Doctrine of Prospective Overruling

Doctrine of Prospective Overruling

What is Overruling?

Overruling can be defined as an action of the superior court in which it sets aside the decision of the lower court in some other case. It can be also be viewed as a disapproval of a superior court with the decision of the lower court but this disapproval has no effects on the previously decided cases or in short it doesn’t have a retrospective effect. This is to ensure that the parties involved in the previous cases remain bound by the decision delivered by the lower court in that case under the doctrine of stare decisis. A case which is first overruled can be reversed if an appeal gets lodged before the court against the decision. But first a decision should be reversed and then overruled.

Understanding the Concept of Overruling with the help of an example

The best example of explaining overruling is the decriminalization of Sec 497 IPC, which was Adultery. Earlier a man was labelled as a ‘seducer’ and was held criminally liable for having affair with a woman who is already married but it protected a woman from being prosecuted. In Sowmitri Vishnu v. Union of India, a three judge bench comprised of the then CJI Y V Chandrachud, and Justices R.S Pathak and A.N. Sen upheld the constitutional validity of Sec 497, IPC and rejected the petition in which it was claimed that both man and woman should be held equally liable for the act of adultery. CJI Y V Chandrachud had an opinion that though it is common to accept that the man was a seducer and must be held liable for the offence of adultery and not a woman but to consider Sec 497, IPC as invalid is totally upto the legislature and not upon the discretion of the Supreme Court. H further stated that if they struck down the provision then adultery would be committed even more than that time.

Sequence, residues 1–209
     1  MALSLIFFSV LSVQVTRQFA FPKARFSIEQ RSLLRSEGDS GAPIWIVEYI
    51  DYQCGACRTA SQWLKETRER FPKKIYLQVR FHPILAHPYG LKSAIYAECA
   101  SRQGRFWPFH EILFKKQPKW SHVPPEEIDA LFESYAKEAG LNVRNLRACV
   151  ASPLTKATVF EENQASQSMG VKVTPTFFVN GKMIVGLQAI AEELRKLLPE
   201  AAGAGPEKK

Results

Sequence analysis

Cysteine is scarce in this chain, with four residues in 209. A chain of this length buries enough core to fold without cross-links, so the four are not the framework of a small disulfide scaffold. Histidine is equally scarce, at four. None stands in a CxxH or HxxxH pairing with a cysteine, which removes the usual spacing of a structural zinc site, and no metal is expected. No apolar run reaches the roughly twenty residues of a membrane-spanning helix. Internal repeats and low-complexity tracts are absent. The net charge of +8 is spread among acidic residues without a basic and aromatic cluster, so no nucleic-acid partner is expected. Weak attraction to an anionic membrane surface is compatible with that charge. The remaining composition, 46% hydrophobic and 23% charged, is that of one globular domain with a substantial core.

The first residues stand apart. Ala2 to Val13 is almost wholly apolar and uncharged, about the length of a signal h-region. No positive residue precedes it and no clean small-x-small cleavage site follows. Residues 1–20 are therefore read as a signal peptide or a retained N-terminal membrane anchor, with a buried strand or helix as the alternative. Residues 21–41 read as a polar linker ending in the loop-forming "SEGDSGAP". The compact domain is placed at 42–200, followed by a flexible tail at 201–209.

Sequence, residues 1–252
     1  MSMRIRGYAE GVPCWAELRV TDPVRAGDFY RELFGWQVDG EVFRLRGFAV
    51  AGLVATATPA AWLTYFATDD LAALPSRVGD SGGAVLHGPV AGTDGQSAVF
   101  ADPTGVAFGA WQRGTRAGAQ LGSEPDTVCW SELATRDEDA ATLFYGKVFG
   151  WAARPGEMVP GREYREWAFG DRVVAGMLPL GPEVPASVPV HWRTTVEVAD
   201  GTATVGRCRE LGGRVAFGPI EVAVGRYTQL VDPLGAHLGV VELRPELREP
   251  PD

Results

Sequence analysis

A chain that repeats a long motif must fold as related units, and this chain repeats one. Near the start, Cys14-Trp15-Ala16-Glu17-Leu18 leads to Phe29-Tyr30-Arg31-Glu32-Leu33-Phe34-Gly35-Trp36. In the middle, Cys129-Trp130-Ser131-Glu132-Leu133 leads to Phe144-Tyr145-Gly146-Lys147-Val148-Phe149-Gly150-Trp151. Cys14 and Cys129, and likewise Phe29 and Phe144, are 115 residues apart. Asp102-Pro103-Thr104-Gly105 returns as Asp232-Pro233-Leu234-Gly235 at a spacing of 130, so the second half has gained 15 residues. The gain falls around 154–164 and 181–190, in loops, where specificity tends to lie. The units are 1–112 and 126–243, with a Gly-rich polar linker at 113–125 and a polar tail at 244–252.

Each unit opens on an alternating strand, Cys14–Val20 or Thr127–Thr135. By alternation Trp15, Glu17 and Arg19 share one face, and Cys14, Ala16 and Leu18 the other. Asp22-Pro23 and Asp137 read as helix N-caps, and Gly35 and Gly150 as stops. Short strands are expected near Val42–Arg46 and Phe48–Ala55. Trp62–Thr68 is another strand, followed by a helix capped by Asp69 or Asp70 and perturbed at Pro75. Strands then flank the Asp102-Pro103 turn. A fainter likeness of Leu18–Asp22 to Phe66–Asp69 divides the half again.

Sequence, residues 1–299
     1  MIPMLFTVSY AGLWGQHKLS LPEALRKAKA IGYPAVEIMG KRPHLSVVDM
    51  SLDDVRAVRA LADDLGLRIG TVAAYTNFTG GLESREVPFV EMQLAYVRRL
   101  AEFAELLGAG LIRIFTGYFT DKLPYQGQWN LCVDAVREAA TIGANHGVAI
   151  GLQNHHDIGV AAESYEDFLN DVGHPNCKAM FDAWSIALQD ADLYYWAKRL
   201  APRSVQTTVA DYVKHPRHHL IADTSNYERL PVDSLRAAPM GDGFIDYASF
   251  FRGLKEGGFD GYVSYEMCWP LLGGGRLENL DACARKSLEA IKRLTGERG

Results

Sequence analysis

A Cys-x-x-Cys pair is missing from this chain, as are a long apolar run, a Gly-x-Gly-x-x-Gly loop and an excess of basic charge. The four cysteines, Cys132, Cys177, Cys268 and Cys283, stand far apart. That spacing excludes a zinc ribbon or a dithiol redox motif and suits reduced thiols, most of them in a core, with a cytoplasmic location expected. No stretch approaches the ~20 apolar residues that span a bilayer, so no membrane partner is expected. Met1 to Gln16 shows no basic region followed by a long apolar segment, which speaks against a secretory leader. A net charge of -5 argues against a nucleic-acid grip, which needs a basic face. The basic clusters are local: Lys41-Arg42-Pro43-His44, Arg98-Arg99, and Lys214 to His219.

But after thirty three years of this judgement, a petition was filed before the Supreme Court in which the petitioner questioned about the constitutional validity of the Sec 497, IPC and said it to be invalid because it only punished a man for being a seducer or an offender and a woman gets a protection, although both of them should be treated as offenders because they both consented over a sexual act. This case was ‘ Joseph Shine v. State of Kerala‘. A Constitutional bench was set up comprised of five judges, Former CJI Dipak Mishra and Justices R.F. Nariman, A.M. Khanwilkar, D Y Chandrachud and Indu Malhotra held that Section 497 IPC was more discriminatory towards woman as it portrayed a woman as a “chattel” of her husband. The bench held the provision to be unconstitutional. The petition was allowed but adultery was decided to be a gender neutral ground for filing a divorce and it will continue to be the restriction on the sexual freedom of a married couple. Justice DY Chandrachud showed his dissent towards the earlier decision of his father former CJI YV Chandrachud and observed that they need to make their decisions relevant according to the present day needs of the society.

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Overruling can be both expressed and implied. An overruling which has an effect in future is known as prospective overruling.

Prospective Overruling

Prospective Overruling refers to those judgements which are overruled by the Superior Court and which only have a prospective or futuristic effect on the decisions which will be delivered by any court after that particular judgement and that overruled judgement will not affect the retrospective decisions or decisions which were delivered before the overruled judgement. This doctrine has been evolved from the judgement of Supreme Court of America in the case of, “People v. Graves”. The facts of the case are-